After a rise in hate crimes committed against Muslims in Britain we speak to Sadiya Khan – Make-Up Artist & Beauty Influencer about her thoughts on the situation.
Sadiya Khan – @sadiiyah
At this festive time of year when we visit family, see friends and take a well-earned break to reflect on the year so far. It’s a time for kindness and generosity towards our fellow man no matter the faith, sexual orientation or gender. However events in the world at the moment could cause you to feel despair at how little kindness and compassion is floating around. The attacks in Paris, Beirut, Kenya and the rest of the world highlight how fractured communities and nations are while also reminding us that the world is a small place and we all need to protect and support each other.
Since 13th of November reported hate crimes against Muslims have tripled, what does this say about the kind of society we are becoming? Recent events including the attack on Finsbury Park Mosque one of the largest in London and the attack in Leystonstone Underground Station highlight how badly we need to challenge these hateful views wherever we find them and define the kind of society we want to be – one that engages in debate and explores differences or one that justifies violence against innocent individuals out of fear and ignorance?
We asked Sadiya Khan, Make-Up Artist and Beauty Influencer to discuss her thoughts on the current situation and how it affects her as a Muslim woman working in beauty: “Regarding the tragic attacks that have taken place globally, it is heart-breaking to see the consequences of which being inflicted onto Muslims in Britain and across the world. Where individuality is no longer being respected as a form of freedom, but instead, it now causes a high risk of people being victimised, especially if you are a Muslim.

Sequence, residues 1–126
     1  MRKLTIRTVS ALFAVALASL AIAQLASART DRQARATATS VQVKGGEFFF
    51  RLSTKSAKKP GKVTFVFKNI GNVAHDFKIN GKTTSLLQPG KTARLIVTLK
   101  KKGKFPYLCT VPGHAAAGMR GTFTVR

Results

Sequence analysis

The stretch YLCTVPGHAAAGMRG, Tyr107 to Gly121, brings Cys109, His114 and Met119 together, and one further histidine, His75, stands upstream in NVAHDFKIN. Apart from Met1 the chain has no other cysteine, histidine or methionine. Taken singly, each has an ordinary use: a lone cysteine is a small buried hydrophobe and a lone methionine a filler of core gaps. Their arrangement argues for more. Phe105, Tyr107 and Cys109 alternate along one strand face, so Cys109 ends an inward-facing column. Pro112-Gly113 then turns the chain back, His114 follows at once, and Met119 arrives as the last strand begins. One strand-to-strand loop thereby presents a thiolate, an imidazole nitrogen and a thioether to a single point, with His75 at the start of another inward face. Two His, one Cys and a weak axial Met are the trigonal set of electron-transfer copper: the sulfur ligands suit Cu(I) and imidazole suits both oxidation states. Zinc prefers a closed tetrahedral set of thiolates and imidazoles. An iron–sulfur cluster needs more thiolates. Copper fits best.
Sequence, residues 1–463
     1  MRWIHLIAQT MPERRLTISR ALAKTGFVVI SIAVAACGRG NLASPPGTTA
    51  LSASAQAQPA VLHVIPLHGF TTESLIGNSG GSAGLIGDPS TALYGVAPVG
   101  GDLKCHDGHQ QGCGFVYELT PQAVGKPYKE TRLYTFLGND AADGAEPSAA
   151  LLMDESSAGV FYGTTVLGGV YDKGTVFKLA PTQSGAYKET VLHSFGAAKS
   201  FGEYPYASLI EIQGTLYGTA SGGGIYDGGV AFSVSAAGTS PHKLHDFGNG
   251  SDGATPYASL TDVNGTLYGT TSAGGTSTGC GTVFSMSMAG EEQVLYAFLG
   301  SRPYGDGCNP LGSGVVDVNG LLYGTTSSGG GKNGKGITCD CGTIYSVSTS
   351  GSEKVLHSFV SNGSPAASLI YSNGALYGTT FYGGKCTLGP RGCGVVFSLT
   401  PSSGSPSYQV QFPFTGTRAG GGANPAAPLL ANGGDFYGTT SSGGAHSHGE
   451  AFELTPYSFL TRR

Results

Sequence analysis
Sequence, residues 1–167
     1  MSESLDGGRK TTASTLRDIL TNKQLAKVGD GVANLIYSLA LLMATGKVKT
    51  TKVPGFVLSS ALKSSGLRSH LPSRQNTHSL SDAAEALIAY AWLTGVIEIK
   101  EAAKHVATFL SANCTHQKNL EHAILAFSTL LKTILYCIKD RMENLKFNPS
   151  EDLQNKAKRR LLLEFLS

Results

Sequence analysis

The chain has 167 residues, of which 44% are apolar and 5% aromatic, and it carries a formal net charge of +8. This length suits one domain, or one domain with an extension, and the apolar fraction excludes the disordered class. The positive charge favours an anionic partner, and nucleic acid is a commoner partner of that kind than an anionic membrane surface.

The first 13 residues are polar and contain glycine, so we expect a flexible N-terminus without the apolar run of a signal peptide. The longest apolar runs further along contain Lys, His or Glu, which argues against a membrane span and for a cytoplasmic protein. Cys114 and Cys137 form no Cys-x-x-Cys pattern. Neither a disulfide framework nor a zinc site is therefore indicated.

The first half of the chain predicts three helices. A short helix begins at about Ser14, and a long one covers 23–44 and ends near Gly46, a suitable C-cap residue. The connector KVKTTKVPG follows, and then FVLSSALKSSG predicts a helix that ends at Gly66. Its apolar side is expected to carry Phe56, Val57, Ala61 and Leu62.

Those who are responsible for the brutal attacks in Paris should not be labelled under any religion, race or culture. Anyone performing such an act are extremists and their behaviour does not associate them with any religion, race or culture. In my opinion, their vile act can only be explained by their mental state.
We as Muslims, who practice and preach Islam, know that it is a religion totally based on spreading peace, love and harmony just like every other religion.”
As a company that defends the right of all individuals to wear what they want and to express their beliefs and individuality we find it appalling that many of these hate crimes are perpetuated against Muslim women who chose to wear headscarves, as if this decision makes them a public figure to be attacked. The Muslims who are being harmed are our neighbours, our colleagues, our friends. The moment we begin to fear, judge or even attack others is when we may as well give up – we’ve already given the terrorists what they want.
So what can be done? It’s easy to say we’d all intervene when witnessing someone being shouted down on the street but too often we’re afraid of making ourselves a target. The best thing to do is be critical – question headlines, question bigotry and call it out whenever you feel able. As Sadiya puts so eloquently: “Regardless of what age, race, culture or religion, we should unite as one to get rid of bigotry and discrimination. TERRORISM HAS NO RELIGION.”